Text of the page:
Microsoft channel partners want to sell the Surface 2, but they've been left on the sidelines once again.
On Monday, Microsoft announced new Surface 2 tablets that run faster, have longer battery life and support new business-friendly accessories such as a docking station. But despite a stronger appeal to the enterprise, Microsoft said Monday it has no new policy when it comes to playing ball with resellers that have been champing at the bit to sell Surface tablets since they were released last October.
Sources close to Microsoft said, however, an announcement regarding an update to its channel program is coming within weeks. No further details were provided. For partners, an update to its Surface channel policy couldn't come soon enough.
"Microsoft needs to find better ways to engage us," said Majdi "Mike" Daher, co-founder and CEO of Denali Advanced Integration of Redmond, Wash. "We continue to be challenged by not having a channel advocate. We are seeing a lot of changes at Microsoft lately, but the one thing that doesn't change is its channel partnership with tablets. What we are saying is 'come talk to us.'"
Todd Swank, senior director of product marketing at Equus Computer Systems, a Microsoft partner based in Minnetonka, Minn., said he hopes Microsoft will announce a new channel strategy following the Surface 2 unveiling. "That's still the biggest issue. Microsoft has thousands and thousands of partners out there ready to sell these tablets," he said. "The channel is one of the biggest advantages Microsoft has over Google and Apple, and they're not using it."
Since the Surface went on sale in October 2012, Microsoft has only authorized 10 large account reseller (LAR) partners to actually sell the devices. Adding insult to injury, Microsoft COO Kevin Turner told channel solution providers in July to bring customers to Microsoft retail stores, where Surface Tablets are sold direct.
Unlike its first-generation of failed Surface tablets that were marketed to consumers and suffered from poor battery life and performance, Microsoft's Surface 2 and Surface Pro 2 have a stronger business appeal. Both support a new $200 docking station and benefit from significantly improved battery life, faster performance and expanded Type Covers selection.
Swank said he likes the improved battery life and performance for Surface Pro 2, but said Microsoft still hasn't addressed what he believes is the biggest issue for the original Surface Pro.
"The biggest problem for Surface Pro, other than the fact that partners couldn't sell it, was the price point," Swank said. "Surface Pro 2 looks nice, but it's still very expensive. And it's more expensive than a lot of competing devices." The Surface Pro 2 is priced at $900, and the Surface 2 tablet starts at $450.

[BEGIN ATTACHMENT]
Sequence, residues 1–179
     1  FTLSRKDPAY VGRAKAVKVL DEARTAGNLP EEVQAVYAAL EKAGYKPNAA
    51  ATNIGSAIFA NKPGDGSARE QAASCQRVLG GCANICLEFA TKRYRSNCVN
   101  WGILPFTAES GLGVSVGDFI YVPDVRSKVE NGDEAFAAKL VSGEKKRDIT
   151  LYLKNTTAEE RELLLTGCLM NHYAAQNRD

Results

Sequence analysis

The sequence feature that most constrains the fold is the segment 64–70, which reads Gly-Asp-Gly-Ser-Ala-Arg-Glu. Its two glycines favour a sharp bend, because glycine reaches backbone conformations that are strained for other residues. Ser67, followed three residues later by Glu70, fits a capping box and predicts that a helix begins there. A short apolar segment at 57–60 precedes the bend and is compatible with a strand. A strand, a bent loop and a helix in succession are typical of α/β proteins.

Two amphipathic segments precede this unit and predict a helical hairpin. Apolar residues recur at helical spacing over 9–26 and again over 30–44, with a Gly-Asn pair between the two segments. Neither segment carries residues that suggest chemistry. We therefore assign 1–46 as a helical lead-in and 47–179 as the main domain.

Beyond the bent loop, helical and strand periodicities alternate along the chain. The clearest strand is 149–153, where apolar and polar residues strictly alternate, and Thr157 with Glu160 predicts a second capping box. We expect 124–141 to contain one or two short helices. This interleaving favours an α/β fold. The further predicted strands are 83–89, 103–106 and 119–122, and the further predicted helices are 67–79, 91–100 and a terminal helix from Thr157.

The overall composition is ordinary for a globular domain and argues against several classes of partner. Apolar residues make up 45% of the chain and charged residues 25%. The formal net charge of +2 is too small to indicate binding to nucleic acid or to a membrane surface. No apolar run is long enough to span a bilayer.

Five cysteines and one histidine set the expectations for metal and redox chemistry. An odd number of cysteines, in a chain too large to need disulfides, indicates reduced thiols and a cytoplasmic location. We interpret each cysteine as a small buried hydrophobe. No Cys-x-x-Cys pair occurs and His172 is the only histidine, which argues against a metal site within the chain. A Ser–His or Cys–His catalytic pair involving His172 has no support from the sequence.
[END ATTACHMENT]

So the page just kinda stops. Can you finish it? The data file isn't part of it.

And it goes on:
NEXT: VARs Cautiously Optimistic On Surface Success, Potential For Channel To SellEquus' Swank and other partners said Microsoft is shooting itself in the foot if it wants a toehold in the enterprise. "It needs to work with solution providers," Denali's Daher said.
"Partners are the ones that talk to customers," Daher said. "If Microsoft can't be bothered with the channel, that's to their own detriment. Apple and Samsung welcome the fact they don't have Microsoft to compete with in the channel." By locking partners out of a Surface 2 program, Microsoft has shut itself out of the conversation with customers, he said.
The $1 million question is whether or not the majority of Microsoft partners will get a chance to add Surface tablets and accessories to their catalog, and, if so, when. "I'm not holding my breath," said Bob Nitrio, president of Ranvest Associates, Sacramento, Calif. A lack of access to Surface has been "a really big bur under the saddle," Nitrio said.
VARs are cautiously optimistic on the Surface 2's success. In July, Microsoft took a $900 million charge in its fiscal fourth quarter from what it described as "inventory adjustments" for a backlog of unsold Surface RT tablets. The original Surface RT tablet is considered among industry pundits as one of the company's biggest product failures.
"People take for granted how hard it is to succeed in this market and how easy it would be to quit," Daher said. "Microsoft is proving it's willing to work hard at this market. That means a lot to enterprise buyers looking for a longtime commitment."
Daher said the Surface 2 fits nicely into the larger Microsoft ecosystem and shows a clear path on how the tablet might someday best the iPad in the workplace and prove to be a viable alternative to a laptop.
"I'm not saying I'm sold on Surface or the market is ready to shift," Daher said. "I'm just saying Microsoft's Surface 2 is promising."
CRN Managing Editor Robert Wright contributed to this report.
PUBLISHED SEPT. 23, 2013